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Hajra Saeed looks at a sign for the Ponderosa Commons building she thought she’d be living in. Photo: Bhagyashree Chatterjee.

Eight UBC students scammed by fraudulent Ponderosa sublets

A recent influx in on-campus sublet scams has caused UBC Housing to revisit sublet policies to protect vulnerable students.

By Phoebe Fuller and Savannah Parsons , in City UBC , on February 28, 2023

A version of this story was previously published in the UBYSSEY.

Zoë Boh thought she was in the right place at the right time when she found a listing for a sublet at the University of B.C.’s Ponderosa Commons.

Boh, a second-year arts student, was looking for a rental on the popular UBC-recommended Facebook group”‘UBC students looking for roommates, housing rentals/sublet” after seeing there were over 5,000 people ahead of her on the waitlist for student housing.

“So I got into [Facebook] and I was checking every second I could … because when these listings come out, because the market is so crazy right now, they’re gone within like an hour.”

On Dec. 9, Boh found a post from someone calling himself “Jack” just minutes after it was posted.

“Jack” sent Boh a picture of his room assignment email from Student Housing, a residential sublease agreement and a move-in date of Jan. 4. In return, she sent a $1,000 deposit — equivalent to almost an entire month’s rent — to secure the room.

In the new year, “Jack” stopped responding. That’s when Boh said she “got a really bad feeling.”

On the morning she was supposed to move in, Boh called the Ponderosa Commons front desk to confirm whether “Jack”’s room was available.

“They said, ‘Oh, we don’t have a room with that number on it.’”

That’s when it hit her — she had been scammed.

Boh is one of eight students who reported a fraudulent Ponderosa sublet to Student Housing this term. Students affected lost deposits between $700 to $1,700 trying to secure non-existent studios in Maple or Arbutus House.

Hajra Saeed, a third-year psychology major, said she responded to a sublet posting from someone calling himself “Jason” after feeling isolated living off-campus last term.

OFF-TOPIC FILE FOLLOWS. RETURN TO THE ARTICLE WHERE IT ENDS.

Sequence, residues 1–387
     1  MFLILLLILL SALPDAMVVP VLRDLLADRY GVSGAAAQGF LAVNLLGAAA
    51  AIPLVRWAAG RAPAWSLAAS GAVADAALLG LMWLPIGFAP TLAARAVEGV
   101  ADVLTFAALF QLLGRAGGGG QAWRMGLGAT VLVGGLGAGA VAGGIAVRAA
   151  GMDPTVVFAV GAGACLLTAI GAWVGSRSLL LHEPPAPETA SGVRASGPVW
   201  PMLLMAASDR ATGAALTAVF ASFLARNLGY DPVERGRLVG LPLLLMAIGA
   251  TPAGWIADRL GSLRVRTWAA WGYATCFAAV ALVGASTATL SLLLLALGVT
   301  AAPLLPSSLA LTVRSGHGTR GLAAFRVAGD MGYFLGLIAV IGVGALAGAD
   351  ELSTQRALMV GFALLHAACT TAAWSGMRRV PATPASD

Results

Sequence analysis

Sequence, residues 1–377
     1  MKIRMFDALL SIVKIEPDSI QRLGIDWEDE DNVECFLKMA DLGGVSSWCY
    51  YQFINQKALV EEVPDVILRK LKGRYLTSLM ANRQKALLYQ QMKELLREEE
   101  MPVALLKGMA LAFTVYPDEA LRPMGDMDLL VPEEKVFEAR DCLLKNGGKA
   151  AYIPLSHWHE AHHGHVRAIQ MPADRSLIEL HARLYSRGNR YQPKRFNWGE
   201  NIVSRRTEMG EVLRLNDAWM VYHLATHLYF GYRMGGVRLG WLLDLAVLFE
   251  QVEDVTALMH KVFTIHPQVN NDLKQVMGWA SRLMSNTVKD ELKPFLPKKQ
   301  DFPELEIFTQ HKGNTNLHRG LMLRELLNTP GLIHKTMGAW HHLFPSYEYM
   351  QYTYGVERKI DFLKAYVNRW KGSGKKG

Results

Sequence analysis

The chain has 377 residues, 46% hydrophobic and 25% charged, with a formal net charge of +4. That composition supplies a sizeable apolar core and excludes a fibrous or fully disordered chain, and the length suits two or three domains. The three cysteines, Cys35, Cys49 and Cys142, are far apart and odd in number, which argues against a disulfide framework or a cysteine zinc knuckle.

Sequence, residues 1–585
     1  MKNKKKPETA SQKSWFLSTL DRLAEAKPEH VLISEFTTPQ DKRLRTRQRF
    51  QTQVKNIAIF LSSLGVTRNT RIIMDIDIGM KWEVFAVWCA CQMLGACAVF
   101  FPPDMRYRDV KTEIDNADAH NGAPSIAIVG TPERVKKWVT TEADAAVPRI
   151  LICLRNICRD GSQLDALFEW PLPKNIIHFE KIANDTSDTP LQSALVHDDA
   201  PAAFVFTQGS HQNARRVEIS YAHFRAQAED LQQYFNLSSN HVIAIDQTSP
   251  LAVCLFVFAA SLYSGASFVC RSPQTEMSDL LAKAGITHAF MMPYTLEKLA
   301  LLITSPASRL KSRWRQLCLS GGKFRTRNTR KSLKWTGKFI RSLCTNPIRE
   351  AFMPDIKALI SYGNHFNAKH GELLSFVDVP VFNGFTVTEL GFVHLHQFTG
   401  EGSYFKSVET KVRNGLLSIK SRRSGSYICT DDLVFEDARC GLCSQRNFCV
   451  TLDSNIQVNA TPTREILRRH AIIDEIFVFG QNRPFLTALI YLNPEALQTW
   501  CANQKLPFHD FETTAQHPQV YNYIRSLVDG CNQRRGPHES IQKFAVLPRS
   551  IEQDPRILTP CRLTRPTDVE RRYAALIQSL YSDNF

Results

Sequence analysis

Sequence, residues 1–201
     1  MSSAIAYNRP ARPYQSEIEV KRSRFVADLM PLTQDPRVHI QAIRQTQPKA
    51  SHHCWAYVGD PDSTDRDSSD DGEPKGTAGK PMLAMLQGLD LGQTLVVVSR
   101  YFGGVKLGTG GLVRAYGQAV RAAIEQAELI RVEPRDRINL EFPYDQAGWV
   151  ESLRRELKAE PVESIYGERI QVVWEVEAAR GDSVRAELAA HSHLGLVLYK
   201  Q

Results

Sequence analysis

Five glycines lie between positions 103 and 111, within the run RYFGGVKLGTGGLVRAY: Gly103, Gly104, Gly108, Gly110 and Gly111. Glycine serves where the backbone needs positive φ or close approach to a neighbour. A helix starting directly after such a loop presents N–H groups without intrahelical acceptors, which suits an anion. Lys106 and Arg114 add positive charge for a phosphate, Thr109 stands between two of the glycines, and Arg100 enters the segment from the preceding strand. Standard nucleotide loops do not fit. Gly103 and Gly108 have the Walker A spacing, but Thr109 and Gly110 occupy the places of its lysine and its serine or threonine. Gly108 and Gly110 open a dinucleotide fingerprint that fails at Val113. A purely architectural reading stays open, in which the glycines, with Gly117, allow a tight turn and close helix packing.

“Before where I was living, I didn’t like the place at all. I hadn’t decorated the room. And this time I was very happy. I ordered a lot of room decor. I was like, ‘I’m gonna make my place like home.’”

Saeed found “Jason”’s sublet in the same Facebook group as Boh, just one month earlier.

She said he seemed like a normal student — he asked for confirmation of enrolment and even negotiated the rent with her.

Saeed paid a $700 deposit, half of the agreed-upon rent.

She said she was looking forward to moving in on Dec. 23 until, suddenly, “Jason” stopped contacting her.

Like Boh, Saeed called Ponderosa to ask about the room.

“[A Ponderosa staff member] checked the unit and [said] the unit does not exist. She explained that a lot of other people had been calling too.”

By mid-December, a new listing under a third name appeared in the Facebook group, this time from someone calling himself “Jin.”

Two students who responded to “Jin” told The Ubyssey that they sent deposits of a full month’s rent, up to $1,700.

Students scammed by “Jack”, “Jason” and “Jin” all shared similar experiences. They found the listings on the same Facebook group, were sent similar photos of a fake UBC Housing email and signed nearly identical UBC sublease agreements.

Boh and Saeed had even been texting the exact same phone number on WhatsApp.

Hajra Saeed looks up at the Maple House building. Photo: Bhagyashree Chatterjee.
UBC Housing, RCMP respond

Before this recent influx, reports of rental scams on campus were “very rare,” said Andrew Parr, UBC’s associate vice-president of student housing and community services.

“Finding safe shelter is a very difficult thing right now, we can all recognize that,” said Parr. “So when students are seeking shelter or are vulnerable because they’re desperate for affordable housing, and then this situation happens, it’s very unwelcome. We really want to do what we can to limit this from happening.”

One action Student Housing is taking involves re-evaluating its existing sublet verification process.

Previously, Student Housing would only share information about sublets granted through official UBC channels, which many students don’t use.

Now, Parr said Student Housing is encouraging all prospective on-campus sublessees to contact it to confirm the sublessor’s residency status before sending any money.

Verification is one protective measure, but education is also key, said Ian Sim, a corporal at UBC’s RCMP detachment.

“Students are coming here for education. Some of the education they’re going to get is in life. And some of the lessons are going to be unpleasant. You know, a large percentage of problems can be avoided with knowledge ahead of time, with education, with awareness,” said Sim.

While some students did report the fraud, no arrests have been made — an outcome that’s not unusual for cases like these.

“The majority of them just come to a dead end. Money’s gone. There’s no way to trace it. It’s gone to a foreign country. It just stops and it’s very frustrating for us to watch people lose their rent or not have a place to live,” said Sim.

Boh and Saeed both found alternative housing off-campus.

Hoping to protect other students, Boh decided to share her experience on social media.

“Because [it’s an] embarrassing situation to be in, nobody really wants to talk about it,” said Boh. “That’s the reason a lot of people end up getting victimized later on. And I just thought, in that moment, ‘Okay, I’m willing to take on that embarrassment if it means that somebody else might be just a little bit more careful.’”